The stakes in that case are growing. Keenan, who recovered from a coma and successfully petitioned to lose his guardian and change conservators, asked for a refund of about $65,000 that the bank had spent challenging him in court. In a 2009 trial, the bank successfully argued that it was acting reasonably — and won an additional $222,000 for its costs and legal fees in that case.

"You can fight him and say, 'I didn't think he was ready,' and that's good enough for good faith," Morgan said. "That shouldn't happen to anybody, ever, ever again."

Marc Darling, the lawyer spearheading proposed revisions to the payment rules for guardians, conservators, trustees, estate representatives and others involved in probate cases, calls it "a comprehensive rewrite of the compensation structure" intended to clarify and simplify court decisions.

He said the project was undertaken partly at the request of judges, who found the existing statutes scattered and confusing and wanted laws dealing with payments consolidated in one place. It also sets forth, for the first time, a procedure for resolving fee disputes, he said.

The draft proposal allows court-appointed fiduciaries to charge a percentage of an estate instead of an hourly rate for work, a change that some critics fear will lead to client-gouging.

The current draft also troubles the Colorado Cross-Disability Coalition, an advocacy group for people with disabilities.

"It still will allow someone to use your money to fight you," said Julie Reiskin, its executive director. "I'm not OK with that."

Full Article and Source:
Bill Would Clarify Conservator Laws

Thursday, September 30, 2010

Edward Abbott Ravenscroft Fights Fiduciary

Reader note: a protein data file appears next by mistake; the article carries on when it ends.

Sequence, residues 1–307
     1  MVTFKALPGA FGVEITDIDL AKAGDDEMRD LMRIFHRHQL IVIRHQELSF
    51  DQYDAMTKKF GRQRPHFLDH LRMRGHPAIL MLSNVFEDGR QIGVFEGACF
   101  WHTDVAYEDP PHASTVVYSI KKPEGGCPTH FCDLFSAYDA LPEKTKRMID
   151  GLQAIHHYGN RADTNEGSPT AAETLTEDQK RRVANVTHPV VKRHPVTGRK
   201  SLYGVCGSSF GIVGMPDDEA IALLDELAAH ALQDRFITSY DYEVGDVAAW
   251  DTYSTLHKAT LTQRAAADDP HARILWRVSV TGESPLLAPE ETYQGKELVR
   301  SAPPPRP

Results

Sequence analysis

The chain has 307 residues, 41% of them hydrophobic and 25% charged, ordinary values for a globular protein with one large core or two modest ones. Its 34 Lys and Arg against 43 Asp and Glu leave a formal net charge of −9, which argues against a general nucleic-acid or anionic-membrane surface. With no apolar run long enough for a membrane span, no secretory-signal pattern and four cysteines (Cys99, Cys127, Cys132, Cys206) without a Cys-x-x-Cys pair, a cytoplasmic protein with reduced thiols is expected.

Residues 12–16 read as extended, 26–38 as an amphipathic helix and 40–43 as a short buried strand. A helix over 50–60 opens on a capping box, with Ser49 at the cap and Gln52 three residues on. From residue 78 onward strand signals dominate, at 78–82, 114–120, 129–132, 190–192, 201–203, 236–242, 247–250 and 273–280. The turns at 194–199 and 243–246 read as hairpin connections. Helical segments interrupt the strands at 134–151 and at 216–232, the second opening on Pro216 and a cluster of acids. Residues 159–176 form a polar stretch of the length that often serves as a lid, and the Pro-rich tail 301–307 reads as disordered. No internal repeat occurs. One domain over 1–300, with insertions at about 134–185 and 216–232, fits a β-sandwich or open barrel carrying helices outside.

Edward Abbott Ravenscroft is a wealthy 49-year-old Scottsdale heir. His net worth is over $5 million, and his income is $180,000 a year.

But he has had troubles.

A judge appointed the Maricopa County Public Fiduciary as Ravenscroft's guardian and the Sun Valley Group, a private fiduciary, to oversee his money. By August 2009, Ravenscroft was sober and in February was living on a friend's couch.

Sun Valley was paying the friend $200 a week out of Ravenscroft's assets for his room and board. Ravenscroft said he chose the couch to stop Sun Valley from putting him into a skilled care center.

Ravenscroft went to court early this year to take back control of his life and fortune. In March, a judge permitted the public fiduciary to exit the case, but Sun Valley, using Ravenscroft's money, fought to still manage his finances, saying they were complex and vulnerable to exploitation.

In May, a judge canceled Sun Valley's control of the money and appointed another private fiduciary with Ravenscroft's approval.

Ravenscroft is back in his Scottsdale home. He said his trip through court cost him $800,000 in attorney and fiduciary fees.

"I'm not doing 'Oh, poor me' " Ravenscroft said. "I'm saying, 'How can I help other people so they don't get caught up (in Probate Court)."

Full Article and Source:
Maricopa County Probate Court - Wealthy Heir Fights Against Fiduciary

See Also:
Edward Abbot Ravenscroft Wins Some Say

Judges Do Little to Help

Gary Nichols had seen enough.

As his attorney dueled with other lawyers over how fees would be charged to his mother's trusts, Gary decided a prolonged fight would only deplete her savings. So he told attorney Thomas Asimou to "shut down" the case.